#clojure log - Nov 06 2010

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0:02 tomoj: hmm

0:13 do I remember rightly that there was some maven plugin for generating mac style apps?

0:17 oh, it was the reference to building windows executables that I remembered from cemerick's post

1:09 cemerick: tomoj: There are maven plugins for packaging mac apps as well as building windows installers

1:09 There may well be one for generating windows .exe's for java apps, I've just never used them.

1:11 tomoj: cool

1:13 cemerick: tomoj: http://www.google.com/search?q=maven+jsmooth+plugin *shrug*

1:13 never used it, but seems promising

1:14 ppppaul: coding guis makes me cry

1:41 samx: ok.. finally after hours of pain, netbeans/enclojure debugging seems to be working :-)

1:53 amalloy: samx: what was the key?

1:56 samx: i was importing an existing project of mine, containing java an clojure.. and used the "java/java project with existing sources" project type, which uses netbeans project preferences generated ant build files.. I think something in how they were getting set up didn't work well with debugging.. so, after starting over again, and setting the project up as "java/java free-form project" (which just uses my hand coded ant build file), it just started

1:56 working

1:56 Derander: is there a way to get clojure-mode to color known functions differently?

1:57 like classes vs local vars vs functions

1:57 fuck. maybe that's a terrible idea

1:57 samx: one think i noticed was that the netbeans generated build was copying all the clojure files to the build directory, and for running, it had a path both for the build and the src directories, essentially having two paths containing the clojure files.. that might have been the problem, but not sure

1:57 cemerick: samx: I always found NetBeans' project management stuff somewhat broken, especially their crazy generated ant buildfiles.

1:58 foolishly generating foolish code is foolish, etc.

2:10 amalloy: Derander: so many things are callable as functions that that becomes pretty hard

2:10 Derander: amalloy: yeah, that struck me

2:10 I realized, "wait... almost everything is a function..."

2:11 amalloy: eg: (fn [x y] (x y))...gonna be a tricky one :)

2:11 Derander: highlighting the "word" in each form might be useful

2:11 or boldingi t

2:11 amalloy: you mean the function being called?

2:11 Derander: yes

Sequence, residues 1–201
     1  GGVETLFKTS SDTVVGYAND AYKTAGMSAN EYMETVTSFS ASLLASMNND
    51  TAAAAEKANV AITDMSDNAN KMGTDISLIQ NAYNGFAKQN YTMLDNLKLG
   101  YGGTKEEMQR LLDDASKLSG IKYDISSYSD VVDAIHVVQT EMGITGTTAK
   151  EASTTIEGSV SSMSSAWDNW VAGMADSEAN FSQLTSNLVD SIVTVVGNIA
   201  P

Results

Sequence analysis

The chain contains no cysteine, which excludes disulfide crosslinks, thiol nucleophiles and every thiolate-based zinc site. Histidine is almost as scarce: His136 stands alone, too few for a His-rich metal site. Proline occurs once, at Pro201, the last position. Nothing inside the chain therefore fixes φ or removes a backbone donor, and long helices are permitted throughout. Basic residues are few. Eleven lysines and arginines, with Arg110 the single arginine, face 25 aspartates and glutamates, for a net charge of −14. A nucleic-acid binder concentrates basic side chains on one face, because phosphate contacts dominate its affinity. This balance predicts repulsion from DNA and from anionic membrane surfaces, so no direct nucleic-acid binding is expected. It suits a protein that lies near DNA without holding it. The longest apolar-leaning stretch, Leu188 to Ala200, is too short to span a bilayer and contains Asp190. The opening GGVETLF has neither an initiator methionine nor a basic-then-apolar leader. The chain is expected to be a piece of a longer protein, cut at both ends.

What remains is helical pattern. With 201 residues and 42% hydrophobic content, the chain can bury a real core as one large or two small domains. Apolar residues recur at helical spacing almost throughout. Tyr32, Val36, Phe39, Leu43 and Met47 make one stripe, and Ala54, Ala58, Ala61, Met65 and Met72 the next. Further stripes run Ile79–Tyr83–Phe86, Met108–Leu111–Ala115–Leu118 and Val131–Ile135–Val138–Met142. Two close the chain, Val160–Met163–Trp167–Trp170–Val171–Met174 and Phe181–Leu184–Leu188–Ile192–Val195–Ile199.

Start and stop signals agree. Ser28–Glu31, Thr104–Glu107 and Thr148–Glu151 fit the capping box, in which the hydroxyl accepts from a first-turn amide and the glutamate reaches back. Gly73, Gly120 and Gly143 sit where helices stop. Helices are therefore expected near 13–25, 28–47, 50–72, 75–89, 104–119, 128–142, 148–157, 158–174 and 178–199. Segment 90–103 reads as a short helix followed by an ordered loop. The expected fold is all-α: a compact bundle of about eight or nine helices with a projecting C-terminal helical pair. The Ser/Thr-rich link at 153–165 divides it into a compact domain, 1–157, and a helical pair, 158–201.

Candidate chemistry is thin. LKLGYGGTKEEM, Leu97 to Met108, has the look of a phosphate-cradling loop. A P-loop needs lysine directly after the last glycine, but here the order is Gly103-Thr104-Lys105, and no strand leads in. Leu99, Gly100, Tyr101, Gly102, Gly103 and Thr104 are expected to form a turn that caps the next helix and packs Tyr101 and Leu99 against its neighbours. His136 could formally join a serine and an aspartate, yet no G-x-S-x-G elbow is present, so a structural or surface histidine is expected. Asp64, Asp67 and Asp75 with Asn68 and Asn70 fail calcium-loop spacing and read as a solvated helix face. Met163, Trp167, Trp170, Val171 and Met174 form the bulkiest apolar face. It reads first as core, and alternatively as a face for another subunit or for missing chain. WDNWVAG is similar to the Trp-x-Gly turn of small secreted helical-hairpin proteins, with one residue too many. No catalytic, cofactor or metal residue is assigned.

2:12 amalloy: you don't need emacs to tell you where all the (s are...:P

2:13 Derander: amalloy: that is true

2:13 I'm going to see what it looks like nonetheless

2:13 amalloy: haha k

2:13 Derander: :P

2:14 amalloy: what *might* be useful is to locate anything called as a function, and highlight it throughout the current scope

2:14 ppppaul: color every word differently

2:14 rainbow code

2:14 Derander: amalloy: I'm not sure what that would accomplish

2:14 amalloy: could you explain more?

2:14 ppppaul: anyone know of a tutorial/cheatsheet for programming lisp in emacs?

2:15 amalloy: Derander: suppose you're defining reduce

2:15 Derander: sure

2:16 amalloy: (defn reduce [combiner list] (loop [[x & xs] list] (whatever...(combiner x))))

2:16 being able to have *combiner* highlighted in the function param list might be useful

2:16 Derander: ah, yes

2:16 that would be really handy

2:17 amalloy: maybe. i agree it *sounds* handy, but it seems to me like if it were handy emacs would already have it

2:17 but if you want to get into some elisp it sounds like an interesting project

2:17 Derander: I don't believe that :-)

2:18 amalloy: have ye no faith, brother, in the prophets of lisp who came before us?

2:18 Derander: none

2:19 amalloy: good. we need people to innovate even if the ideas turn out to be rubbish

2:19 Derander: it feels like it'd be a slow operation

2:19 to do that kind of highlighting

2:19 cemerick: Hrm. The prophets of lisp left us elisp and CL…

2:19 * cemerick runs away :-)

2:19 amalloy: Derander: emacs does some pretty intense stuff already

2:20 Derander: I am going to try to get it to show function args as font-lock-variable-name-face

2:20 amalloy: and technomancy has some kind of backtracking syntax highlighter that is (i think) in super-ultra-pre-alpha

2:20 in swank-clojure.el

2:21 or i guess it's a backtracking indent. whatever

2:21 Derander: amalloy: so it indents previous lines of code?

2:21 amalloy: no, i think it goes back to previous lines of code to decide how to indent this one

2:21 but it might have useful ideas for you

2:22 tbh elisp hurts my eyes; i gave up on my tiny improvement after an hour

2:22 hiredman: backtracking indent is great, and not alpha, everyone should turn it on

2:22 Derander: hiredman: how?

2:22 amalloy: hiredman: really? what's it do?

2:22 hiredman: how?

2:22 clojurebot: with style and grace

2:23 hiredman: amalloy: it properly indents protocols and reify etc

2:23 and letfns

2:24 Derander: hiredman: I don't see anything about it in the github page

2:24 hiredman: (setq clojure-mode-use-backtracking-indent t)

2:30 kzar: Is there a way to take a range with a varying step amount? Say the range of 1000 to 10,000 with the step increasing by 2 every 250

2:31 * kzar realises he should just make his own range that takes a function for step

2:40 amalloy: kzar: your super-range sounds like a combination of iterate and take-while